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Nimisserie, Unapologetically Over The Top

Nimisserie is the vision and dream of one man – Chef Nimish Bhatia, erstwhile Corporate Executive Chef, The Lalit Group of Hotels. Truth be told, on receiving an invitation to check out Nimisserie, Bangalore’s latest upscale standalone restaurant, I assumed (completely erroneously, solely on my associations to the name) it was a French bistro. Instead, as later conversation enlightened me, it was all about “aspect” cuisine.

A Strange Aspect

Scratching your head wondering what that is? We all did! And a long, languorous meal in Chef’s presence later, I still walked out shaking my head on that one. Aspect cuisine is a made-up term – Chef’s way of saying that his namesake restaurant serves his unique take on dishes/flavours. The space is huge and glass-dominated; the interiors are flashy and predominantly red and white and with marble and glass and beads and what not sourced lovingly and painstakingly. Chef laid out one of his Degustation menus, and with the exception of a visually fancy chicken salad (Chicken Breast and Argula Salad, with Marigold, dehydrated pineapple and Basil), it was all Indian – not Indian flavor influenced, but wholeheartedly Indian, from the upper half of the country. Each dish came with a series of visual elements as well as twirls and flourishes in the name of garnishes, that without exception were one or two too many. Let me point to some of the dishes I liked, for in all fairness, it was not a bad meal.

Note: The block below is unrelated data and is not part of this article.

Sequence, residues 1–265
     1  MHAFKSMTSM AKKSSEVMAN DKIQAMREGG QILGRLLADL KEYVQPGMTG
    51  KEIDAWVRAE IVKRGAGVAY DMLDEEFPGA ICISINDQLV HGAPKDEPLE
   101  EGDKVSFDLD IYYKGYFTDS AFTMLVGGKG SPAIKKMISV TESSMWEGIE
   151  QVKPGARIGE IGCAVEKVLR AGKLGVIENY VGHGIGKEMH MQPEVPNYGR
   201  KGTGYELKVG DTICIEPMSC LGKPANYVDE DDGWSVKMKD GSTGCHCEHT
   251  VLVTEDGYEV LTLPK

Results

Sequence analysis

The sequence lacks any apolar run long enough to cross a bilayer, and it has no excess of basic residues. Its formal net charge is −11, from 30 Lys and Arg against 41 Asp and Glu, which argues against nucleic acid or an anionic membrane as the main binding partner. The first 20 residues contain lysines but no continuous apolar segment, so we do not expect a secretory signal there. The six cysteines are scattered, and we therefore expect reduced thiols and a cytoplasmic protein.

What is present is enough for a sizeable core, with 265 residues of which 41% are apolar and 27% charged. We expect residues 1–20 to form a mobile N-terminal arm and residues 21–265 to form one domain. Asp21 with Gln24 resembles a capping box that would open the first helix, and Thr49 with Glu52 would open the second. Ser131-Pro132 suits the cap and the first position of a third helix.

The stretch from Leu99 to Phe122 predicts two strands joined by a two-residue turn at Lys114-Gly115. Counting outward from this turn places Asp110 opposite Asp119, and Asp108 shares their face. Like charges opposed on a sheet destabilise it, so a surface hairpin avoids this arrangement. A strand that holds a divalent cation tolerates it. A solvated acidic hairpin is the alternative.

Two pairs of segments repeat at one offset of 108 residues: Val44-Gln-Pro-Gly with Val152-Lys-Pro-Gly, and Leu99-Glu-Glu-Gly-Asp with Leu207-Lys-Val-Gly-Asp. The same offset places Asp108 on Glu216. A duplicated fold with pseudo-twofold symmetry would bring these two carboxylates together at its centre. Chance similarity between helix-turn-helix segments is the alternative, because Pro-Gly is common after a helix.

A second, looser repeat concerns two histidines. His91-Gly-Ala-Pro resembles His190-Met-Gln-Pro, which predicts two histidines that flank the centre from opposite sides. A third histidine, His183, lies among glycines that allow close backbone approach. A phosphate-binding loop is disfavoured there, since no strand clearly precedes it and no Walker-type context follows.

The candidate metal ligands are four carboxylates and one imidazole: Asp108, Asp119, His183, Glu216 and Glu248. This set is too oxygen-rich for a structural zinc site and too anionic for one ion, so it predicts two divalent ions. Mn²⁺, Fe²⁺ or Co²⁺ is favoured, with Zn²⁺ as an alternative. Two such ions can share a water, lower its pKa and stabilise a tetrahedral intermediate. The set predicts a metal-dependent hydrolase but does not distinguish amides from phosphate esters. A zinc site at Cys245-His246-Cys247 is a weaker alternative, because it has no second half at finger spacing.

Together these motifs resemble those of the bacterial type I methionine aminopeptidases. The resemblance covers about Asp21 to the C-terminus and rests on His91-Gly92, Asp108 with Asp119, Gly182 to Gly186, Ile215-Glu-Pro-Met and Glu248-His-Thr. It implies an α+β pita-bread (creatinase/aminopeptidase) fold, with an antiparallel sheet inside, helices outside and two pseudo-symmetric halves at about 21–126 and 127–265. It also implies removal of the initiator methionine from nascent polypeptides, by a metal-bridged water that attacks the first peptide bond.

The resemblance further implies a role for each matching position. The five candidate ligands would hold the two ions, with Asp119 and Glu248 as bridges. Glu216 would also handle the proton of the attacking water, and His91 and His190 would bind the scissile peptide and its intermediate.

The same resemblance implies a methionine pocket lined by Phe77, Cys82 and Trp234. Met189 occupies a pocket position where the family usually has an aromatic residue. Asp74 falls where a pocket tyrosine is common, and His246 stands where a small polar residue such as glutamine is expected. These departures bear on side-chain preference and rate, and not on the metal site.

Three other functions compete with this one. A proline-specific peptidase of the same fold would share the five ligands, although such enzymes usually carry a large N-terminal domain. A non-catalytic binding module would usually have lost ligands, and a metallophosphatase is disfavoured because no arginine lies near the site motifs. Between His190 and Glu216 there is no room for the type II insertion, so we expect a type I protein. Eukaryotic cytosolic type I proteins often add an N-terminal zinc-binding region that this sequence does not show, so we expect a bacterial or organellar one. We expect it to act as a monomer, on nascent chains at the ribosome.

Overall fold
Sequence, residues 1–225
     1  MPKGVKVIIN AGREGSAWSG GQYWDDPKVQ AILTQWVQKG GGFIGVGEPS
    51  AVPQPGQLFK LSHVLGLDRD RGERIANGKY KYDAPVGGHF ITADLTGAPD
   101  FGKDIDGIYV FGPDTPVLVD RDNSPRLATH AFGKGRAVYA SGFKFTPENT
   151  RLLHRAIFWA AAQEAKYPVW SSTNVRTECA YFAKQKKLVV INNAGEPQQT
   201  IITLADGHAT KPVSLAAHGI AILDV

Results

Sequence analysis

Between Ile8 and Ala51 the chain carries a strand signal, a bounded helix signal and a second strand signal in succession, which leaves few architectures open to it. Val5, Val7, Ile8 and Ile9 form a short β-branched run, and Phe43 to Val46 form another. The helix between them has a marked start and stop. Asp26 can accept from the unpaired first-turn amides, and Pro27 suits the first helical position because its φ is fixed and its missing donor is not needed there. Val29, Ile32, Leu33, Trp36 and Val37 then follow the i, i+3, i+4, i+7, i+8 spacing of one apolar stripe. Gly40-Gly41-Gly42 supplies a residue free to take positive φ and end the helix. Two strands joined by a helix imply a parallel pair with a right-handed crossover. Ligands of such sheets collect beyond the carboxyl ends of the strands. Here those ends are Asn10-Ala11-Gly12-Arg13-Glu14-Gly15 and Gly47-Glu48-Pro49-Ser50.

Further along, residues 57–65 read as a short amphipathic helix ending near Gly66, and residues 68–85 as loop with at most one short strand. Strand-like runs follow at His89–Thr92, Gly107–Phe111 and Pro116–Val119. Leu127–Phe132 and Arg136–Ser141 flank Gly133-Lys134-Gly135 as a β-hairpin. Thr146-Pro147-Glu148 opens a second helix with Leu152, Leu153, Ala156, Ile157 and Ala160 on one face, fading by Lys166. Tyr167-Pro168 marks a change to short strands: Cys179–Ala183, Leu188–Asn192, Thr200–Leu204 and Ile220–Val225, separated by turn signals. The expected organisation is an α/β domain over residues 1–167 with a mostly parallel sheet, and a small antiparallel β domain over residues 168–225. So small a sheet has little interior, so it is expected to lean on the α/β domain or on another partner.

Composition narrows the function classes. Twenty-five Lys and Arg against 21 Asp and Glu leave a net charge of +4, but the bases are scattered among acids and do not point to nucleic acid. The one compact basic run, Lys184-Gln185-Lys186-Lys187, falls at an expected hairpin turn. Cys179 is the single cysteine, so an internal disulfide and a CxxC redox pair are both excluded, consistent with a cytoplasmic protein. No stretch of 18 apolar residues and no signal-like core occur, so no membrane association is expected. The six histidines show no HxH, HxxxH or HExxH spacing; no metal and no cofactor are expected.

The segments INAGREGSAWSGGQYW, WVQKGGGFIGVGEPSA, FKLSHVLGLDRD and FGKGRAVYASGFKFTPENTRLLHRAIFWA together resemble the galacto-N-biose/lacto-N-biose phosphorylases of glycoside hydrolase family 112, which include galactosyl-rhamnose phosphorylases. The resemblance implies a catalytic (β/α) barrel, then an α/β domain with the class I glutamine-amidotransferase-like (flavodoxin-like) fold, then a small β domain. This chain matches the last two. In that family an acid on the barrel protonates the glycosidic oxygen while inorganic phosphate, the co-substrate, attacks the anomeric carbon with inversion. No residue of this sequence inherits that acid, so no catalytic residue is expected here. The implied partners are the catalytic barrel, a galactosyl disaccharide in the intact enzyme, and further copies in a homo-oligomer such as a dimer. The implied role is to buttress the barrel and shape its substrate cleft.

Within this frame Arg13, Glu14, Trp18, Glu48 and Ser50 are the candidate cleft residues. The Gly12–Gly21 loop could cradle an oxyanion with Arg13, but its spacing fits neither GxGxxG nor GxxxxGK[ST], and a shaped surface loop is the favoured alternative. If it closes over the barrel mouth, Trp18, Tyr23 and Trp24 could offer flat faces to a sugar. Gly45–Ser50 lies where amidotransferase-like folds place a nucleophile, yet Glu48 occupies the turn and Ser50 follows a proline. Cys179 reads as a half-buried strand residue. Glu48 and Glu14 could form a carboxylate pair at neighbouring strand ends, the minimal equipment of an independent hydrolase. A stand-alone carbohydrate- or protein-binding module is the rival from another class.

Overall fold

Nimisserie, Chef Nimish Bhatia, Corporate Executive Chef, The Lalit Group
Trilogy of Nakhalawi Galauti

The Food Aspect

A Trilogy of Nakhalawi Galauti that had three English cream horns stuffed with three varieties of meat (chicken, lamb, prawn) and served in a stand was tasty and innovative, with the chicken emerging winner – though some rose petals and smattering of cream sauce on the plate was random. I love cream horns, so this was a nice harking back to childhood for me. The Rohelkhand style Dal came with Kachumber salad, Thepla, and tomato carpaccio with truffle oil – those last elements being completely unnecessary. The dal plus kachumber plus thepla was tasty and holding its own! We also enjoyed some Naanerie offerings – served in little white wheelbarrows, these were mini naans/kulchas with unusual stuffings like bacon, chilli chicken and my favorite, the Apricot and Chilli Kulcha.